For the second time in less than a week, the Oakland A's acquired a slugging first baseman. Earlier in the week, the A's signed free agent first baseman/DH Billy Butler to a three-year deal. On Sunday, they acquired first baseman Ike Davis and international bonus slot 86 from the Pittsburgh Pirates in exchange for international bonus slot 27. The A's also designated outfielder Andrew Brown for assignment to make room for Davis on their 40-man roster.
From 2010-2012, Davis was a central part of the New York Mets' everyday line-up. The Mets' 2008 first-round pick debuted in 2010 and posted a 791 OPS in 147 games. In 2011, Davis was limited to 36 games, but he had a 925 OPS and seven homers. He followed that up with a 2012 campaign that saw him hit 32 homers and drive-in 90 runs.
The 2013 campaign was a trying one for Davis, who got off to a slow start and found himself back in Triple-A for a short time in the middle of the season. He had a solid second half of the year (954 OPS in 40 games), but Davis still found himself the odd-man out a few weeks into the 2014 season with the Mets. He was traded on April 18 to the Pirates, as Lucas Duda took over the everyday first base job in New York.
Davis played regularly for Pittsburgh and hit .235/.343/.378 for the Pirates. After the season, the Pirates decided to move third baseman Pedro Alvarez across the diamond to first. With Davis slated to make at least $4 million next season in his second year of arbitration eligibility, Pittsburgh elected not to incur that cost for a player who would likely be a back-up for them behind Alvarez. They designated Davis for assignment on Thursday to make room for prospects needing to be protected for the Rule 5 draft. Then they swung a deal with the A's, acquiring more international bonus cap money in the process.
The A's are hoping that Davis can get back to his power-hitting ways after an inconsistent showing over his last two seasons. Davis cut down on his strike-outs a lot in 2014, but that seemed to come at the expense of his power, especially the first half of the year. The A's would likely be fine with Davis returning to the player he was with New York, when he hit for power, walked a decent amount and also struck-out his fair share. Davis won't turn 28 until March, so he is still young enough that a power decline can be seen as a one-year aberration and not a trend. Davis didn't play much against left-handed pitchers last year and struggled badly when he did face them. He would likely be a platoon player for the A's, facing right-handers almost exclusively. A life-long National League player up to this point in his career, Davis has a 798 OPS in Interleague play.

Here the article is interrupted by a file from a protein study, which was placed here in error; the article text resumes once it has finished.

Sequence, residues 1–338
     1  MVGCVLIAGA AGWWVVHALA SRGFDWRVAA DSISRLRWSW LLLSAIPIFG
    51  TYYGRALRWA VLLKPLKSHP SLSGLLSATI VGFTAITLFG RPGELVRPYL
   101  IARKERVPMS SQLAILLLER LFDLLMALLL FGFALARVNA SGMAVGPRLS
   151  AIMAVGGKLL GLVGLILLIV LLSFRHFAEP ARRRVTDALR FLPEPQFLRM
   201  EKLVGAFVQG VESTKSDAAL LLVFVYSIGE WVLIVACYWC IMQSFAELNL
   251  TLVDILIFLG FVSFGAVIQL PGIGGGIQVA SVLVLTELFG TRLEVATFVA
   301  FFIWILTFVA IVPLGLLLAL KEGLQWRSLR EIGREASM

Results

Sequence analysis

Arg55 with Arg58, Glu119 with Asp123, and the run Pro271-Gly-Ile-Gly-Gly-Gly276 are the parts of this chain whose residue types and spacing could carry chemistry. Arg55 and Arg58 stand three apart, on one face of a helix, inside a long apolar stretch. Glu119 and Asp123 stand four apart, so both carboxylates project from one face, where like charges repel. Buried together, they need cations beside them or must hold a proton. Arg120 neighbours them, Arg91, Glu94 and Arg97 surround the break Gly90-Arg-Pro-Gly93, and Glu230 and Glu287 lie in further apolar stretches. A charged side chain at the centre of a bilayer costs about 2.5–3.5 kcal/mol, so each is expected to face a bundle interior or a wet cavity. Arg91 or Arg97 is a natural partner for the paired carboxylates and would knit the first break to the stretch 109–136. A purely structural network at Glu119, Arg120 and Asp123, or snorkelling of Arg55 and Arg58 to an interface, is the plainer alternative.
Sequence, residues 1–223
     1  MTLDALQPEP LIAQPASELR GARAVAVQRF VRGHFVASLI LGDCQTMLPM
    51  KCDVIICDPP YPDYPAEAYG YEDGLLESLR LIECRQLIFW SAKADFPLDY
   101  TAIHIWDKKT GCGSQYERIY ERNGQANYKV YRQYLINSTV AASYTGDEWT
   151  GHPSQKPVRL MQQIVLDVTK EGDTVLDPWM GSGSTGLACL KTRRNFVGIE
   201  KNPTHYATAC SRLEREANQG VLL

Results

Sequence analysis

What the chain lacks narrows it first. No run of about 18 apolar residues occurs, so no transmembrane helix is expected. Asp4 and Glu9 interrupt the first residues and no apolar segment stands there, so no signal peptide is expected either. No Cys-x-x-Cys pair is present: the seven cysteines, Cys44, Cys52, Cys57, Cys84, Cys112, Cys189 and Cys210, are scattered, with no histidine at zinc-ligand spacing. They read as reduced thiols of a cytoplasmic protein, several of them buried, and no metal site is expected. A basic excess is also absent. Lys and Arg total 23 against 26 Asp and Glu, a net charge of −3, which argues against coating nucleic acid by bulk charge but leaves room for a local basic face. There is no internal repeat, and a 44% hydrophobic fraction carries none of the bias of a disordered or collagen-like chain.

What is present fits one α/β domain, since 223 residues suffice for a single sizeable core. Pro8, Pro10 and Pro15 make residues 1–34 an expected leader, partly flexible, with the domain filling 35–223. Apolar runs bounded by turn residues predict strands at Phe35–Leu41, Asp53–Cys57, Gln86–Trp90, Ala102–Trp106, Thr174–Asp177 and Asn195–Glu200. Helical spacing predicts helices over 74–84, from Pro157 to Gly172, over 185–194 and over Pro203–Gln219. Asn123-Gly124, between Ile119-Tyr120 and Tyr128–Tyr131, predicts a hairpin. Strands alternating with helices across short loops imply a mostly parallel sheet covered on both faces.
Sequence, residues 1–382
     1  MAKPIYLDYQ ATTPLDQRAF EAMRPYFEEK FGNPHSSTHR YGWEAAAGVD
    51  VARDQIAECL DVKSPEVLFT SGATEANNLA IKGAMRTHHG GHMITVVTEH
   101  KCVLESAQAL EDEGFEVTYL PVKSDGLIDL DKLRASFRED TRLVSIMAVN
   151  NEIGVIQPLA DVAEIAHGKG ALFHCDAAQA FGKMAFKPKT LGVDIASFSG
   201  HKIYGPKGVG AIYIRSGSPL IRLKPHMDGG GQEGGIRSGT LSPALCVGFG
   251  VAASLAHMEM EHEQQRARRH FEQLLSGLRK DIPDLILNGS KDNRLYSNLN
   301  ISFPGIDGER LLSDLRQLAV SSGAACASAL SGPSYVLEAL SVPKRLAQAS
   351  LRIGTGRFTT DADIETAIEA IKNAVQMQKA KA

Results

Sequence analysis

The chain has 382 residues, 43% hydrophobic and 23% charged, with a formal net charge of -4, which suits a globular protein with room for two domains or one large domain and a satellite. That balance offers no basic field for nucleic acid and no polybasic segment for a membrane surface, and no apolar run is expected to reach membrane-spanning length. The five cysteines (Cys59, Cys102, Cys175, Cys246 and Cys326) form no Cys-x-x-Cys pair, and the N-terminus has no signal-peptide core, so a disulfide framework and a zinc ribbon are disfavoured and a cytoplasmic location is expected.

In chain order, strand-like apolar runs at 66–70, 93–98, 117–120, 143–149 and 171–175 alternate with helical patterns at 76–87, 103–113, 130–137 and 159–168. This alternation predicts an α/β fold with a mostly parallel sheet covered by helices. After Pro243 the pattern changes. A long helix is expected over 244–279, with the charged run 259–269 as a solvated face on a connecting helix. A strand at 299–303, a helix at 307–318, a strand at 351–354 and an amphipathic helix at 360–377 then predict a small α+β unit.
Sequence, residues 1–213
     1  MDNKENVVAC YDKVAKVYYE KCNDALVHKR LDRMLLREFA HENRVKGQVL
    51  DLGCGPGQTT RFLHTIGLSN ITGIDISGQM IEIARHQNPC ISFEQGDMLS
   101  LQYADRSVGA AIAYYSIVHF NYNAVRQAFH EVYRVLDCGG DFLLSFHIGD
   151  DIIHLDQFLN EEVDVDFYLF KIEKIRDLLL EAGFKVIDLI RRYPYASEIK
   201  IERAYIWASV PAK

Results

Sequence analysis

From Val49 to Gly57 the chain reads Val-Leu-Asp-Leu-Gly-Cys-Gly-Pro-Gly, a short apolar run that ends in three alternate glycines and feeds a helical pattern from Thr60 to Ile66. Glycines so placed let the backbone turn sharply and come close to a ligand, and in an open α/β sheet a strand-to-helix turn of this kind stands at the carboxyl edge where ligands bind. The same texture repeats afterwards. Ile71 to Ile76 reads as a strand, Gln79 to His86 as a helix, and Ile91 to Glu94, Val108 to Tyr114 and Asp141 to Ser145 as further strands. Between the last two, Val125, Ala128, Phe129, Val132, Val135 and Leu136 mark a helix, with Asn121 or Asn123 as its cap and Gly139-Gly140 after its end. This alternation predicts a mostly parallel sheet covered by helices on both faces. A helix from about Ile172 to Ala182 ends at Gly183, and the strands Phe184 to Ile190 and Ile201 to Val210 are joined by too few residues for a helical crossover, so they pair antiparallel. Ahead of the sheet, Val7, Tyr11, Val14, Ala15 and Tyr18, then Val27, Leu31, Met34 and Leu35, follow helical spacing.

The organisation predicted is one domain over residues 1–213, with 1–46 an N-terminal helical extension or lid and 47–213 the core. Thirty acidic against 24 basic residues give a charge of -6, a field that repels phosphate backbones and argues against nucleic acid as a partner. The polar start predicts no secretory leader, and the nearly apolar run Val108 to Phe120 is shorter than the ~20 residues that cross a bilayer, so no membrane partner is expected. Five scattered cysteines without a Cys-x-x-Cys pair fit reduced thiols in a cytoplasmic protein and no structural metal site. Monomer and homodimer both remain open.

Davis joins an A's roster that already has several first base options with Brandon Moss, Nate Freiman, Kyle Blanks, Butler and Stephen Vogt all first base options. The A's also have John Jaso, who could see some time at first when not catching. By acquiring Davis, the A's have given themselves more options in terms of either trading or keeping all of those aforementioned first base options. The A's can also deal a corner outfielder now, if they find a good match, and move Moss back to the outfield.
Brown has now been designated for assignment twice this off-season. The A's claimed Brown off of waivers from the New York Mets earlier in the off-season. It wouldn't be surprising to see Brown claimed again by a team looking for a right-handed power-hitter.